The English dystopian-rock band Terminal Gods release the LP Meridian on the 25th of August.
The overbearing shadow of Interplay – the penultimate of the eight tracks on the album (available on bandcamp) broods over the listener akin to the control of the Vril-ya in The Coming Race by Bulwer-Lytton.
Regular readers will know I do have a predilection to the dark and oppressive so will be expecting I couldn’t pass this by without a recommendation to dim the lights and turn up the volume, for those new to the site – if this doesn’t rattle your bones – then Emerging Indie Bands is not necessarily where you will discover your daily fare of music to make the day better.
The English alt-rock quartet Terminal Gods have featured regularly since their introduction in 2013.
With an ever expanding fan-base and live performance circuit, Terminal Gods have more than served their apprenticeship and are deserving of far greater recognition. The fact they aren’t, sadly, only goes to demonstrate the reality of the lottery-dice of the music industry.
From the LP Wave / Form (available on bandcamp), the sixth of the nine tracks – Discovery is a fine example of why they appear so frequently on Emerging Indie Bands.
It has been over a couple of years since the English alt-rock band Terminal Gods last featured and I have no idea why it has taken me long to get to an update.
Terminal Gods – Road Of The Law – artwork
The tightly packed rippling muscle that strides out of the speakers in Road Of The Law makes it only of greater sadness that I haven’t revisited the band more recently. A congress of dark clouds gather in the room as bass is joined by thumping percussion with a scratched guitar adding to the sense of foreboding over which the vocal sets off the menacing tone and the audience is left to enjoy the music that they can feel pulsing into their veins.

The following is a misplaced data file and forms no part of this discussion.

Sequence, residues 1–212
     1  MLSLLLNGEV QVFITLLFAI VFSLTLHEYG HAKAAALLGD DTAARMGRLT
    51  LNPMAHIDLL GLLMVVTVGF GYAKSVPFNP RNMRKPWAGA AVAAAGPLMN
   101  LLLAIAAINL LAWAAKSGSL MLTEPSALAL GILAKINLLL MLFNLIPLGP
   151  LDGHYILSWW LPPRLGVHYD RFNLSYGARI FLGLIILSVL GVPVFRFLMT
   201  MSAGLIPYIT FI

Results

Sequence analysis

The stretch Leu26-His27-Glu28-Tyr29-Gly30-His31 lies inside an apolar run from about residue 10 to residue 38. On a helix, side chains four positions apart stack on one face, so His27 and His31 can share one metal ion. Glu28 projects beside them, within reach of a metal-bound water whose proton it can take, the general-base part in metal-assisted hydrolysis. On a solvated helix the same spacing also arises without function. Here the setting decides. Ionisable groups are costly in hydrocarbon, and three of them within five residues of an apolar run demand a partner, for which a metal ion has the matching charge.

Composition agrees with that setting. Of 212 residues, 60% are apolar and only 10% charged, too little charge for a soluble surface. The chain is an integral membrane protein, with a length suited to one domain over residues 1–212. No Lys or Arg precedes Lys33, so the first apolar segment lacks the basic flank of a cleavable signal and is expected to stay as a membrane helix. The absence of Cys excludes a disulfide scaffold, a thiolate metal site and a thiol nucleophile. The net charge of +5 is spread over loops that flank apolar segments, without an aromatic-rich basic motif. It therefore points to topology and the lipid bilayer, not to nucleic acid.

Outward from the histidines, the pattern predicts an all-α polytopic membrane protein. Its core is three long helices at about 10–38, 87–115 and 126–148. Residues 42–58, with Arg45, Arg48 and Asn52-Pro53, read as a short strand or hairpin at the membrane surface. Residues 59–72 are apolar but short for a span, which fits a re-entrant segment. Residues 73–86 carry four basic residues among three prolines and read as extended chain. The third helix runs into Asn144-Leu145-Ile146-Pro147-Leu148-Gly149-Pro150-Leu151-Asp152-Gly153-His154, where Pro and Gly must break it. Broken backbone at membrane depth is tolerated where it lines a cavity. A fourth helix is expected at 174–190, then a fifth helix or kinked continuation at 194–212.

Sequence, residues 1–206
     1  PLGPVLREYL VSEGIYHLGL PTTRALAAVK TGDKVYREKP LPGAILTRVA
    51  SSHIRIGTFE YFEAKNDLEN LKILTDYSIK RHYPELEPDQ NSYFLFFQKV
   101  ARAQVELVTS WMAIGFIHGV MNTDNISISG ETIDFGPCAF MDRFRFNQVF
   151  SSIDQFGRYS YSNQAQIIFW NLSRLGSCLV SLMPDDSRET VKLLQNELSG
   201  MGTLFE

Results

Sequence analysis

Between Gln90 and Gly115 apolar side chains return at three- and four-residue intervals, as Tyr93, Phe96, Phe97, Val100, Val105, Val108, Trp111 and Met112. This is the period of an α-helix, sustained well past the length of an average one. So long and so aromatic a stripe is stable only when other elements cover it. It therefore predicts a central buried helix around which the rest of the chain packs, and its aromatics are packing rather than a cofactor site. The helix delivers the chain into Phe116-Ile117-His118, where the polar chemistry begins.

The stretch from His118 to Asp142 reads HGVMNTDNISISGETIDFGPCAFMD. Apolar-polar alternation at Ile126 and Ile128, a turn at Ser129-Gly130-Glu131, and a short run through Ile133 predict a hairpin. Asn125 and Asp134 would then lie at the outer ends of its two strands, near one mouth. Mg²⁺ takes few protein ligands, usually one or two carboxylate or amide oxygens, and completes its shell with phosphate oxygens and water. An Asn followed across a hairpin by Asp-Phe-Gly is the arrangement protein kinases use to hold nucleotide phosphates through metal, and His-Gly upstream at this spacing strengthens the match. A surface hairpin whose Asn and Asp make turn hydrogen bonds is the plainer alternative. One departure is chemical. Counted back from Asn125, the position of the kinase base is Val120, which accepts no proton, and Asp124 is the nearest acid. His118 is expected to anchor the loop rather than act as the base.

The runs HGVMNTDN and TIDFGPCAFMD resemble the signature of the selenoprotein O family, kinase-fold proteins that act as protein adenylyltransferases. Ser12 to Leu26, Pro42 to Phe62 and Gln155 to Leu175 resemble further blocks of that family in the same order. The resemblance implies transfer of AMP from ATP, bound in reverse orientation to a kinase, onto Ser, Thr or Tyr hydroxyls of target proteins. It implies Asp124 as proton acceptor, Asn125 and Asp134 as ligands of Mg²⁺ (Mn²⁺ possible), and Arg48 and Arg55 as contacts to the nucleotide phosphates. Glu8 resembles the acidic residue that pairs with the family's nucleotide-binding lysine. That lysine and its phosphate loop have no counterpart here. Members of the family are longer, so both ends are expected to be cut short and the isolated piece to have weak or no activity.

Road Of The Law is the A side of a two track single of the same name released last month (available on bandcamp) and with the synthesized brooding of the B side – Movement, well worth grabbing hold of and putting on loop.
Terminal Gods is an alt-rock band from London in England comprising Cowlin, Maisey, Cooper and Campbell.
The dark and sombre rock that Terminal Gods deliver cloaks the room in a dank and oppressive atmosphere which seeps its way into the bone-marrow, infusing the body with an introspective paranoia. There have been iconic and highly influential bands delivering this effect going back over the decades, but to make a comparison would be to detract from what is undoubtedly a talented group of musicians delivering the sounds in the 2010s.
Formed a couple of years ago Terminal Gods have worked hard to secure a live presence, which has seen them successfully playing gigs across vast swathes of Europe. To cement the effort so far they are releasing a debut EP – the six track Machine Beat Messiah on the 25th November, twenty one minutes of well delivered reflective rock.
The quartet combine deep registers with a metronomic percussion which drives the music into the listeners ears, whilst more prosaic guitar work delivers the layers of textures to the sound and completing the effect is a vocal which emerges from the soundscape like an eerie apparition.
The material itself is delivered in densely packed compositions which don’t require volume to reinforce the powerful presence that is Terminal Gods.